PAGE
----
Chika leads the expedition to the Snowman’s cave in the hopes of rescuing Machiko. Searching the cave they find the remains of the missing skier they’ve been searching for and a note containing his last written words. A further deleted scene features a shot of the dead man superimposed over an image of the note as it is heard being read in his voice.
The Japanese version ends by returning from the flashback to the reporter questioning the expedition. As the rain outside stops everyone leaves the room they’ve been waiting in to go home. Following some closing comments by Dr. Rayburn, the American version ends with the following onscreen message:
This message, which incredibly understates Toho’s involvement, is followed by partial Japanese credits that misspell several names.
While Half Human arguably remains faithful to the basic story of Jujin Yokiotoko (not to mention making a nice highlight reel of most of the best scenes) it ultimately fails to improve upon or equal Honda’s original. This is mainly because only the skeleton of the original production remains. Though the added scenes are shorter than the excised Japanese footage, the pace is ultimately slowed and unengaging. This is because so much of the story is being told to the audience by observers who have little connection to the film’s events, instead of allowing the events to be experienced through the characters as they happen. The decision to narrate the Japanese footage in a documentary fashion adds to the problem and robs the film of its’ performances. It also conveys a cheesy quality reminiscent of similar narration found in low budget films (a common practice to eliminate the expense of live sound recording) such as The Creeping Terror (1964). The Americanized additions to Godzilla, King of the Monsters! and Rodan succeeded in adding something dramatically satisfying to fill at least some of the void left by what was deleted. At this, Half Human fails miserably.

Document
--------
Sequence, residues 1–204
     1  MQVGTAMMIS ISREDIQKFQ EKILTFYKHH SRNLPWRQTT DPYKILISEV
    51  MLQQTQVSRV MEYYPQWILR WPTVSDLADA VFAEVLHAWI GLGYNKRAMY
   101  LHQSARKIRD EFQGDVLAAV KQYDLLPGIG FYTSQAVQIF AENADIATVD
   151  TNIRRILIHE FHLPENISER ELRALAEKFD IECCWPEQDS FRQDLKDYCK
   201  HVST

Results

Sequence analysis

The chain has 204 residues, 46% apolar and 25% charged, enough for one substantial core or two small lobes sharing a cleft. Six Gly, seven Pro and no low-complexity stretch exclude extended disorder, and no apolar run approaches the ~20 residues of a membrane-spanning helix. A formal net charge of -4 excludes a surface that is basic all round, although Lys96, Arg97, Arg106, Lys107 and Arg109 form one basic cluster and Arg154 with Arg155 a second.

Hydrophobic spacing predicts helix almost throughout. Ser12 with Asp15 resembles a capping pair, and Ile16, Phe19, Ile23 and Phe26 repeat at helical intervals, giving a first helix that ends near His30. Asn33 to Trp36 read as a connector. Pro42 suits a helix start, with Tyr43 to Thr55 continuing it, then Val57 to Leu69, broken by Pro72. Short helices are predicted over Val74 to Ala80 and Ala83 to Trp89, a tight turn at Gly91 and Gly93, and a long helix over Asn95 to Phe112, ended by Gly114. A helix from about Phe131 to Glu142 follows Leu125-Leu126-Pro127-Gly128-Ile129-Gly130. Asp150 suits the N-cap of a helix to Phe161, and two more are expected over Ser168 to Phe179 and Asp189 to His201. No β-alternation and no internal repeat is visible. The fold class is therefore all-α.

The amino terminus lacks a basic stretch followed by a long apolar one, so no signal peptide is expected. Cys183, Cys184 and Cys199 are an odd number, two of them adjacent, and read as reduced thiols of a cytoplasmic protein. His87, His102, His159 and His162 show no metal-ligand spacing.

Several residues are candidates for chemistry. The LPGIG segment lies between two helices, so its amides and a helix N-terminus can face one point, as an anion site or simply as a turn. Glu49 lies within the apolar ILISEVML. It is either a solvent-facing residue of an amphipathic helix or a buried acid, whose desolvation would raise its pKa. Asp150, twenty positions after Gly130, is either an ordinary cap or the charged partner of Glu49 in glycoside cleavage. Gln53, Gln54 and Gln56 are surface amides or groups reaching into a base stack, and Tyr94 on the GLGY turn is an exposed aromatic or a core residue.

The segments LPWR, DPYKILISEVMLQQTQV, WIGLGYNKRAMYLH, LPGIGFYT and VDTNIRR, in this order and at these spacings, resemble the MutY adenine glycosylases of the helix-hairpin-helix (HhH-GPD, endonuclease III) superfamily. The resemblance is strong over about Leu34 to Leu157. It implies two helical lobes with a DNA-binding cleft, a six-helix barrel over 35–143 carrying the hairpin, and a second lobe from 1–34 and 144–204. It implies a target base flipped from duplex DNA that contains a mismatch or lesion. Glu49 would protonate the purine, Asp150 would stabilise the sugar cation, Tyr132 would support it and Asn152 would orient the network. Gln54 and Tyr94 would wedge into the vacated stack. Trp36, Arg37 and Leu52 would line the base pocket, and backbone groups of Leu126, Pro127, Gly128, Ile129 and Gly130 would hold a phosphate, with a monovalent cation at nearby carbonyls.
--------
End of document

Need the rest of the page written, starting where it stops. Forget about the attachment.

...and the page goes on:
By the 1980’s DCA had folded and Half Human had become an orphan film. In 1985 the copyright was renewed by Wade Williams (a kind of “patron saint” of lesser 1950’s sci fi, if you will) though some have questioned the legitimacy of his claim. Williams sold the video rights first to the Media/Nostalgia Merchant Label and later to Rhino Video in 1990. Several public domain companies like Sinister Cinema also carried the film, but it has been slowly disappearing from these venues as if the public domain status has changed or is being challenged.
Analyzed by Brian R. Culver